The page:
infiltration, reduced spine density of basal dendrites in dentate gyrus granular
cells, shrinkage and basophilia of CA1 neurons of hippocampus. Aspirin (100
The present study is the first scientific evidence that demonstrates the
beneficial effects of aspirin in sleep deprivation and associated cognitive
dysfunction. SD is one of the major risk factors that impair learning and memory.
Adverse changes in cognitive performance have been associated with total and
partial SD . In the present study, fish exposed to extended light phase and
light pulses showed decreased locomotor strength in partition preference and
spinning task and increased working errors in T-maze tests, signifying the
induction of SD. Learning a new task leads to increase in intracellular calcium
Reports indicate that sleep loss causes “a systemic low-grade
inflammation” which is characterized by the release of cytokines, chemokines,
and acute-phase proteins . Both acute and chronic SD causes bursts of
pro-inflammatory cytokines like hsCRP and TNF-
Substantial evidences indicate that microglial activation causes
cognitive dysfunction and loss of functional synapses in SD . Treatment with
minocycline, a microglial activation inhibitor, reverses the cognitive impairment
. Aspirin, the most used anti-inflammatory drug, acetylates COX1 and COX2 and
decreases prostaglandin and thromboxane synthesis . In the present study, we
established the non-toxic concentrations of aspirin through acute toxicity assay
and treated the Zebrafish with three different safe concentrations (1, 10 and 100
Architectonically and functionally hippocampus consists of distinctive neuronal subfields such as cornu ammonis sectors (CA1-4), dentate gyrus (DG), and subiculum. Sleep disturbances are report to cause high degree of hippocampal CA1 atrophy. Interestingly, atrophy of CA2-4-DG region is linked to cognitive impairment . Neutrophil invasion contributes to neurodegeneration possibly via the release of IL17 or neutrophil extracellular traps (composed of chromatin and proteases) or through microgliosis . Furthermore, activation of neutrophils by microglial cells contributes to neuronal death . We have recently reviewed the role body fluids in sleep . In the current study, histopathological examination of brains of SD fish revealed increased neutrophils infiltration, reduced spine density and neurodegeneration in the dentate gyrus and CA1 regions of hippocampus. This was effectively reversed by aspirin and can be correlated to the improved cognitive performance. These data indicate the potential involvement of aspirin in mitigating the invasion by neuroimmune cells such as microglia, neutrophils, etc. in sleep deprived state. In line with this, we propose that investigations at the molecular level in SD Zebrafish and higher models may help extrapolate data to clinical trials and facilitate the repositioning of aspirin as a possible therapeutic option for SD and associated cognitive dysfunctions.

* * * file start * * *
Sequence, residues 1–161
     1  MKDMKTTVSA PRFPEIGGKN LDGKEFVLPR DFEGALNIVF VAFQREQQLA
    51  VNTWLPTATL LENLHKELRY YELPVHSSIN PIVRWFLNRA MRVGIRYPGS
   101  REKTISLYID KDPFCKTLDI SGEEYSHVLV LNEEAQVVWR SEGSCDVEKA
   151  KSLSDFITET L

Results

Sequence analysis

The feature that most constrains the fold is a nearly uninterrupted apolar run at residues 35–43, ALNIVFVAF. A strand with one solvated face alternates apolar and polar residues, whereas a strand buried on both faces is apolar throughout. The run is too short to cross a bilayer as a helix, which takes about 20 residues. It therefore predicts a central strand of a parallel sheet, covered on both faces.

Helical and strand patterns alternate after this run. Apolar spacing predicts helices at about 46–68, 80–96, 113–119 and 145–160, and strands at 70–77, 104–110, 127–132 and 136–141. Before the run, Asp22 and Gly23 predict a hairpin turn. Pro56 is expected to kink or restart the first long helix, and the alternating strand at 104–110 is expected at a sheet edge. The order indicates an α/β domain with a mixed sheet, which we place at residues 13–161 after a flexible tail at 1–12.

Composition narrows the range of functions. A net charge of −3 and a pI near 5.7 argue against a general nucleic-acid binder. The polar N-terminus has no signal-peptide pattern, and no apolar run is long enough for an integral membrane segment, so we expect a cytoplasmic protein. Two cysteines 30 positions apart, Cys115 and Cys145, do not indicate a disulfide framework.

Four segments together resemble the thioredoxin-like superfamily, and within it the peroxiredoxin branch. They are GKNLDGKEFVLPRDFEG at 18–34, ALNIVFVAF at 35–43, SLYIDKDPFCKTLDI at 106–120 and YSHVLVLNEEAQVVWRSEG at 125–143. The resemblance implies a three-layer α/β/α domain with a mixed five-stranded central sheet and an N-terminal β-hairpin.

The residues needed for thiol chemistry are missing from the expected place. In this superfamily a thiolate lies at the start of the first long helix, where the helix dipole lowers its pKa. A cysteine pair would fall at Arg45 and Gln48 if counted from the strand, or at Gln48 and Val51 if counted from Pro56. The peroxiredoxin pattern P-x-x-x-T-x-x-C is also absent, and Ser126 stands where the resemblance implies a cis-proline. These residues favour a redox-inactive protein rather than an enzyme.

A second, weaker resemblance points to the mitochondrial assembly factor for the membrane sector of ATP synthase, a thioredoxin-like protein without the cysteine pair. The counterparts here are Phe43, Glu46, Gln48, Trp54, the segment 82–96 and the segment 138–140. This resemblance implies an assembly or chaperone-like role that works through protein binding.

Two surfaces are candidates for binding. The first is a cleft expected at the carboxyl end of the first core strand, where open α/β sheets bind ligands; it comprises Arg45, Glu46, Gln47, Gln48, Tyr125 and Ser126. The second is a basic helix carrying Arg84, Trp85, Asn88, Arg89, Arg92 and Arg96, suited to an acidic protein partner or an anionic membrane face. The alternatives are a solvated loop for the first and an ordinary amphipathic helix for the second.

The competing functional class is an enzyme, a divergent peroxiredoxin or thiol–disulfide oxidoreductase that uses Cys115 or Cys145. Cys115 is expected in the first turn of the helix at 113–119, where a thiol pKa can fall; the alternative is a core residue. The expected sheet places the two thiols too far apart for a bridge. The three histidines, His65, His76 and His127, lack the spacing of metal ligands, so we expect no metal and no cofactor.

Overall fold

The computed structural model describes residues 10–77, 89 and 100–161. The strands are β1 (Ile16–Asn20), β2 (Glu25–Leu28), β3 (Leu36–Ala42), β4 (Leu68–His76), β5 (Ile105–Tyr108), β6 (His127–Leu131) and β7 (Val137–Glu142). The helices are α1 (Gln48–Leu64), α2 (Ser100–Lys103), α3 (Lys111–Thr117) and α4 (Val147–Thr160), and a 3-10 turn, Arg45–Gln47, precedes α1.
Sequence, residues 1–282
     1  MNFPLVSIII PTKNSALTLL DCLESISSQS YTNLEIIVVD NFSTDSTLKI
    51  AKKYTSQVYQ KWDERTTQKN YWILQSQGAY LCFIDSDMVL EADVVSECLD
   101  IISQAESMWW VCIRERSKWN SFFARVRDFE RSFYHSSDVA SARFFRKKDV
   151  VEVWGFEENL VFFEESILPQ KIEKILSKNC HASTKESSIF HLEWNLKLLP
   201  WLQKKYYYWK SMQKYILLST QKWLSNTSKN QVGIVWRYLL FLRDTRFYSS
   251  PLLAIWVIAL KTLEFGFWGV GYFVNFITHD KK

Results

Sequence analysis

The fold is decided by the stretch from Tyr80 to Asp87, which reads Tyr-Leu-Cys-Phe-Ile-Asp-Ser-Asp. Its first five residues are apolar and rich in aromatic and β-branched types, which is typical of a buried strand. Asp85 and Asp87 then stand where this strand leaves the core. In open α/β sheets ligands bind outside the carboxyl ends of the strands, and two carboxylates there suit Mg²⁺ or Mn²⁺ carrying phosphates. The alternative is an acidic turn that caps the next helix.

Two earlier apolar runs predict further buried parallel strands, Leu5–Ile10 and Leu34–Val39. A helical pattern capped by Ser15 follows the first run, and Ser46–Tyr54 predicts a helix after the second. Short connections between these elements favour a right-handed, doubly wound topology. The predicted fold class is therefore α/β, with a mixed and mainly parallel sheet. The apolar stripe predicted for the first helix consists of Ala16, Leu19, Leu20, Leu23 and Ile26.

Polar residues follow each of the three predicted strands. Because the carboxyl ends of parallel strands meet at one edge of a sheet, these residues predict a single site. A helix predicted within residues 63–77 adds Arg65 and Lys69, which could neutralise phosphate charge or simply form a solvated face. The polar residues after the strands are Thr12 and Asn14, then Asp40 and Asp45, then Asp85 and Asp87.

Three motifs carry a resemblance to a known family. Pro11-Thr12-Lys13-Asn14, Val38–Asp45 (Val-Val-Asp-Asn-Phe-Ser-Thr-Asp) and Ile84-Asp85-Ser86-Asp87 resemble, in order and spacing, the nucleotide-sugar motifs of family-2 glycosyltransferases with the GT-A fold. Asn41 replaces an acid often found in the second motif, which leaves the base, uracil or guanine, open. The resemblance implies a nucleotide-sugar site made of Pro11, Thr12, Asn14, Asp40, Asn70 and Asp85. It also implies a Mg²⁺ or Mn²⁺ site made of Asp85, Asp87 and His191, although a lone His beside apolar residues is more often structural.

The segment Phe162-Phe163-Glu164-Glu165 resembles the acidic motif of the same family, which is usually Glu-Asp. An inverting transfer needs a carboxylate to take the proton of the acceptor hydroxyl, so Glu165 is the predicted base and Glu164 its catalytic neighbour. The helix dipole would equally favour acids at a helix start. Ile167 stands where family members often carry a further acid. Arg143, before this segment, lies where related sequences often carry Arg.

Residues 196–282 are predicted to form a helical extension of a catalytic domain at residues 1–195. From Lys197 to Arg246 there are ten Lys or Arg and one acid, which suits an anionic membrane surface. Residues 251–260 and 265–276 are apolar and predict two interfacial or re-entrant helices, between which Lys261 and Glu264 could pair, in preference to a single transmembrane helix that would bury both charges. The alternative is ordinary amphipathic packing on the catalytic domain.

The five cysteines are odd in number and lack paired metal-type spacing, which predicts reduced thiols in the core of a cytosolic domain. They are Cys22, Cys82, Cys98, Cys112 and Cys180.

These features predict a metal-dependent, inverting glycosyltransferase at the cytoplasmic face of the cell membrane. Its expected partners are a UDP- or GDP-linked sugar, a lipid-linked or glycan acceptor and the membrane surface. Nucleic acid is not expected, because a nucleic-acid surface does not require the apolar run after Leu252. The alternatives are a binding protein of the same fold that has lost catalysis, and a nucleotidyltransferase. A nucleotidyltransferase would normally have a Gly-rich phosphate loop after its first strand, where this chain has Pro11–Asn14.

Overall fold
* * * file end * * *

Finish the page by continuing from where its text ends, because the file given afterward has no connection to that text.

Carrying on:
In summary, the present study demonstrates the beneficial effects of aspirin in improving learning and memory and locomotor activity induced by sleep deprivation in a Zebrafish model. Histopathological reports support the behavioural observations. These effects were proposed to be correlated to aspirin’s role on neuro-immune and dopaminergic system. Further studies are warranted to establish the molecular mechanism in higher phylogenetic orders which may help to extrapolate data to clinical trials and facilitate the repositioning of aspirin as a possible therapeutic option for SD and associated cognitive dysfunctions.
MB and MA performed the study. MB analysed the data, and drafted the manuscript. AB, BR helped during experiment. PE, JPR, LR, JY, SLC, MME helped in drafting manuscript. MKS and SBC designed the study, corrected and finalised the manuscript. All authors have given their final approval for the manuscript.
Authors acknowledge the infrastructure and facilities extended by JSS Mahavidyapeetha, Mysuru, to carry out the experiments. The language and technical editing done by The Editing Refinery, MD, USA is highly acknowledged.
This research received no external funding.
Authors declare no conflicts of interest.